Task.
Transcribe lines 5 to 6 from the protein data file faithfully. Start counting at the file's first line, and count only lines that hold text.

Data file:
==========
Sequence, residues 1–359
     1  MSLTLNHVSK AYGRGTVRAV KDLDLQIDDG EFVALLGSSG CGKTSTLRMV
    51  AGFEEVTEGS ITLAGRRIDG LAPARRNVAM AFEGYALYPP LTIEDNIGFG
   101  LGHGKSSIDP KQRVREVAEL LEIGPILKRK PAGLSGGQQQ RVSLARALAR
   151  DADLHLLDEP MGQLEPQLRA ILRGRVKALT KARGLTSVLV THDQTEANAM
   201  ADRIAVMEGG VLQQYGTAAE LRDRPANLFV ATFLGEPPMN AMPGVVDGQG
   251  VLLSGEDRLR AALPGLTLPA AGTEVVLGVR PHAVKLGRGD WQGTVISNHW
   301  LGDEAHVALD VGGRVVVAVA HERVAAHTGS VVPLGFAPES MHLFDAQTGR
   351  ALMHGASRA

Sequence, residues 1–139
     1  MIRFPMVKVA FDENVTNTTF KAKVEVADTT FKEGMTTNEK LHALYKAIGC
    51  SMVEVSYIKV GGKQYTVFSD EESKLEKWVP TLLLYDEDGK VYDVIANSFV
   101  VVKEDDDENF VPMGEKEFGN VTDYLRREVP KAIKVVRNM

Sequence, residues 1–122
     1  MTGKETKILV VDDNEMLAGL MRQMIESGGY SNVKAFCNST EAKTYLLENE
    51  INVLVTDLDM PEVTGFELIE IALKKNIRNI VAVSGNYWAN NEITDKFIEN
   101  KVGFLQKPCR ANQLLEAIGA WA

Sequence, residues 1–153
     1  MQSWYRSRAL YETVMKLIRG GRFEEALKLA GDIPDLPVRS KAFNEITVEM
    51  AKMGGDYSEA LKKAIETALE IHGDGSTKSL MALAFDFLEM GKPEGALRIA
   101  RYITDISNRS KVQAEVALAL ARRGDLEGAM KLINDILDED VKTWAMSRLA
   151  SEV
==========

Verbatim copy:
   151  DADLHLLDEP MGQLEPQLRA ILRGRVKALT KARGLTSVLV THDQTEANAM
   201  ADRIAVMEGG VLQQYGTAAE LRDRPANLFV ATFLGEPPMN AMPGVVDGQG